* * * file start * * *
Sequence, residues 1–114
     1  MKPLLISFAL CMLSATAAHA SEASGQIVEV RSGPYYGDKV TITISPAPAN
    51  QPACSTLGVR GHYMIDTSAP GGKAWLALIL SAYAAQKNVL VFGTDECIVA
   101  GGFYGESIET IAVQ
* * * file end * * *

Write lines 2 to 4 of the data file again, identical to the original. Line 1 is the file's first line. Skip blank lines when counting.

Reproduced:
     1  MKPLLISFAL CMLSATAAHA SEASGQIVEV RSGPYYGDKV TITISPAPAN
    51  QPACSTLGVR GHYMIDTSAP GGKAWLALIL SAYAAQKNVL VFGTDECIVA
   101  GGFYGESIET IAVQ